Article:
Muddy Waters may be best known for spotting fraudulent accounting practices across Chinese companies, but the short-selling firm has made its first call against a U.S. company.
Muddy Waters, run by Carson Block, issued a "strong sell" rating on American Tower, a Boston-based wireless and broadcast tower provider, and valued the company at $44.57 per share -- down 40% from its current price.
"AMT has serious challenges domestically and internationally that have not been factored into the stock price," Muddy Waters said in its report. "It has engaged in a value destroying binge overseas, and we have identified a significant material misstatement in the company's accounts that could amount to fraud."
Shares of American Tower (AMT) initially tumbled more than 4% following the report, but began to recover in the afternoon, with the stock down less than 1.5%.
Though the reaction in the stock was fairly mild, American Tower gained plenty of attention among traders on StockTwits.
Hoping that Muddy Waters might be as successful as it has been in the past, some traders quickly took short positions -- a bet on the stock declining.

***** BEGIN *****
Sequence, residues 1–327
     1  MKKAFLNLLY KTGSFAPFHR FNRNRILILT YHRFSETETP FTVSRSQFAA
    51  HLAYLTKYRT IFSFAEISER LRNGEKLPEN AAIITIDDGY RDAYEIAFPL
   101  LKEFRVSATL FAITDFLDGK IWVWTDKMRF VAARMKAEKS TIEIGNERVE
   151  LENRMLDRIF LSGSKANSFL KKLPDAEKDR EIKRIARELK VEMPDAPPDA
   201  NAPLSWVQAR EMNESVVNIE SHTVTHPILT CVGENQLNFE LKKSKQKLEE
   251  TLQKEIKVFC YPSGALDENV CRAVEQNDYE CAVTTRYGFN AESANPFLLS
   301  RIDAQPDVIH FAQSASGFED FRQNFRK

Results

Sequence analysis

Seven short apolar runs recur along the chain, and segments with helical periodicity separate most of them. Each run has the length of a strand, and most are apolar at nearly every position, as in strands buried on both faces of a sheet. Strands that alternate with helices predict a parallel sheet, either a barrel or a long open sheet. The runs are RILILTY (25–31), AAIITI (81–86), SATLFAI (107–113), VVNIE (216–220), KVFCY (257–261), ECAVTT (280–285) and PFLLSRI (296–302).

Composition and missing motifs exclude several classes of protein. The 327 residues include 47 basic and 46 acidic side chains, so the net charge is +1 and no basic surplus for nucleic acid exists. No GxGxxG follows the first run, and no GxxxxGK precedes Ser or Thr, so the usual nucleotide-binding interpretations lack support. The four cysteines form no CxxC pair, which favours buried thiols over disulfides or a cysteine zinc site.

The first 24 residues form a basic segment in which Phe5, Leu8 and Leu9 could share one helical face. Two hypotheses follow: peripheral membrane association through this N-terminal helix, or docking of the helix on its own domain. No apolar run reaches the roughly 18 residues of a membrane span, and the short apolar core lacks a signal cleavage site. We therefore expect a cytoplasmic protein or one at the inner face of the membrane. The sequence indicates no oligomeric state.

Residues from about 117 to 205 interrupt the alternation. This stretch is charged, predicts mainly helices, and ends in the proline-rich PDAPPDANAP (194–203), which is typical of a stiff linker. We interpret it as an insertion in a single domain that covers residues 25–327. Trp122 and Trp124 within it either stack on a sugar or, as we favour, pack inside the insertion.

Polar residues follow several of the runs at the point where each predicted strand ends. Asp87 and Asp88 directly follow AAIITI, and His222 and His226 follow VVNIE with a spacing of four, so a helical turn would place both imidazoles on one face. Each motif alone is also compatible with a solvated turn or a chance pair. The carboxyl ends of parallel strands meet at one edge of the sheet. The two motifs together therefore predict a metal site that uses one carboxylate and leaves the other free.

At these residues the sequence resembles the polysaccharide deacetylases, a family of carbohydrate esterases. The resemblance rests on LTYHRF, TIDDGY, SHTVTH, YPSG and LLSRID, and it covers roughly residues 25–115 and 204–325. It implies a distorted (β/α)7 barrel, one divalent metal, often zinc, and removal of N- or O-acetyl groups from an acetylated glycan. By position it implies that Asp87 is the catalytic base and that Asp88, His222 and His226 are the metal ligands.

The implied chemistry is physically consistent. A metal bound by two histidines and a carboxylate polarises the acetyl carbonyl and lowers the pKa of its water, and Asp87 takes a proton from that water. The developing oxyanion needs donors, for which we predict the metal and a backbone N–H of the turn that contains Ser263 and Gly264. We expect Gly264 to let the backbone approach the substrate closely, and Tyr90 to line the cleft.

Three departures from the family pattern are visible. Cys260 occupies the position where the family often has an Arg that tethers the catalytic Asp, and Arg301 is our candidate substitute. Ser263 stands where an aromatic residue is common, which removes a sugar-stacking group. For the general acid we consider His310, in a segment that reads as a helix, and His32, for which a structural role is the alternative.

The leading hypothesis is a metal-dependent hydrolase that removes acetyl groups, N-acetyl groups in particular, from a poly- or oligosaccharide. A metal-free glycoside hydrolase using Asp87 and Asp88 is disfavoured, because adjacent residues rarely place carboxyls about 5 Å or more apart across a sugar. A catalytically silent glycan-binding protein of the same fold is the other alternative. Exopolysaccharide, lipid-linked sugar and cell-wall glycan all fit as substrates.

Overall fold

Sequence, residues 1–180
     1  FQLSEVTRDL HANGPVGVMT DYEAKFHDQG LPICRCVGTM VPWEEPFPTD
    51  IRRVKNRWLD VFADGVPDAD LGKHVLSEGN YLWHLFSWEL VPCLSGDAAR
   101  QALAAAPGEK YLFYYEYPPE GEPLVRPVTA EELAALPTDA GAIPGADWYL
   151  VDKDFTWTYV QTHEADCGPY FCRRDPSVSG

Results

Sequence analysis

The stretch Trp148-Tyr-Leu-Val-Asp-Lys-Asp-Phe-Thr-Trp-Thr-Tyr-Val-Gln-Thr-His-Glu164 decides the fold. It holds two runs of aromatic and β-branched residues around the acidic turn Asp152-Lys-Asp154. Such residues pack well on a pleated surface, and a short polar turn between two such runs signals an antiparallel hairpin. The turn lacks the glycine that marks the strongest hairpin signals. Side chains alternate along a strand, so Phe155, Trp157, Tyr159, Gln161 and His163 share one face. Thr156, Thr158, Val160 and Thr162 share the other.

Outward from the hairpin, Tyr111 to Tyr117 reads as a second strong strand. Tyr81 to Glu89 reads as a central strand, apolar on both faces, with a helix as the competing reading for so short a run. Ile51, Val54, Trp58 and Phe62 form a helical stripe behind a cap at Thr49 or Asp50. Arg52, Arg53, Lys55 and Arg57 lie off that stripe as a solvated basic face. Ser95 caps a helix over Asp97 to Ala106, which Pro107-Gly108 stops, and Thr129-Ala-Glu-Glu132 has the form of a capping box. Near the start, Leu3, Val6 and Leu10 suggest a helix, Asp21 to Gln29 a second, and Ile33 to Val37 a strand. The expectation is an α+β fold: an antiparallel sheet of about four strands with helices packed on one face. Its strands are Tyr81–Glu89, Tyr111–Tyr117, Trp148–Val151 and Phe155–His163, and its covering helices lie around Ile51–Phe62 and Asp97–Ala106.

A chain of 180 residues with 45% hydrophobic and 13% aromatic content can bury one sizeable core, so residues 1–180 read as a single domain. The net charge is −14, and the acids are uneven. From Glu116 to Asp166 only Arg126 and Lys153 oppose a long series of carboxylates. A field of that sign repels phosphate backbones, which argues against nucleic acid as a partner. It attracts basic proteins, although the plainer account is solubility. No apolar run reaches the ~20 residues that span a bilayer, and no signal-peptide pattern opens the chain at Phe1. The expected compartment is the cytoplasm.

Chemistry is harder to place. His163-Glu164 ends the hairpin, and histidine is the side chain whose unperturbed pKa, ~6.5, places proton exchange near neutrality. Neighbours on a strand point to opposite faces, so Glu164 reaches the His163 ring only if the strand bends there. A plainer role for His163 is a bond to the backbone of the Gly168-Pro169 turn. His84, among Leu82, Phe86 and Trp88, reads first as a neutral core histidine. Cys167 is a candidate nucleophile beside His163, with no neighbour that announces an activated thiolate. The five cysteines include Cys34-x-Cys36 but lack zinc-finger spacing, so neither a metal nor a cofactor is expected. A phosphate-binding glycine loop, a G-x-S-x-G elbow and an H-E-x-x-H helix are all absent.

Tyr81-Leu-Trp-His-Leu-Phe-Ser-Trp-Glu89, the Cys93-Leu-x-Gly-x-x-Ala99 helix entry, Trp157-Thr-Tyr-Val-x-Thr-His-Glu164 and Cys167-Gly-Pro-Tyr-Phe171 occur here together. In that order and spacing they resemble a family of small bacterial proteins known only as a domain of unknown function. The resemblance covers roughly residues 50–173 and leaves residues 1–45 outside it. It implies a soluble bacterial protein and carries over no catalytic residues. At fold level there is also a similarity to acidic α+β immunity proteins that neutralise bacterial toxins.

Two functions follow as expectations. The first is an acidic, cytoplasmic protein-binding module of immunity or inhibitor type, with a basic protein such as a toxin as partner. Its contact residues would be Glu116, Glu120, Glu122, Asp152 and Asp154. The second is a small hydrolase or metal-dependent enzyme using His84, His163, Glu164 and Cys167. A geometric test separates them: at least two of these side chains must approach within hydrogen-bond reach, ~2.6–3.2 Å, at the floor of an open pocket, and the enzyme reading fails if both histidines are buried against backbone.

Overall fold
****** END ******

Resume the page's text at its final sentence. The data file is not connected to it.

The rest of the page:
It remains to be seen how significant of an impact Muddy Waters' call will have, but the firm has been a fairly influential opponent in previous cases.
Its most prominent takedown was of Chinese timber company Sino-Forest in 2011. Muddy Waters' accusations of fraud triggered a massive sell-off in shares of the Toronto-listed company before they were eventually suspended. The drop in Sino-Forest's price led to deep losses for hedge fund high roller John Paulson, whose fund owned a large stake.
But some Wall Street experts came out in defense of American Tower. Analysts at Pacific Crest said Muddy Waters' report was "incoherent," and recommended buying the stock. But some StockTwits traders remained skeptical.
American Tower could not be immediately reached for comment.
Could MetroPCS finally be getting its knight in shining armor? Investors sure think so.
Deutsche Telekom confirmed Tuesday that it was in talks with MetroPCS to merge the beleaguered wireless carrier with its T-Mobile USA unit.
MetroPCS has been bleeding subscribers. But it has a nice cash cushion. At the end of the second quarter, MetroPCS had $2.3 billion of cash and cash equivalents, and short-term investments. That's nothing to sneeze MORECatherine Tymkiw - Oct 2, 2012 12:35 PM ET
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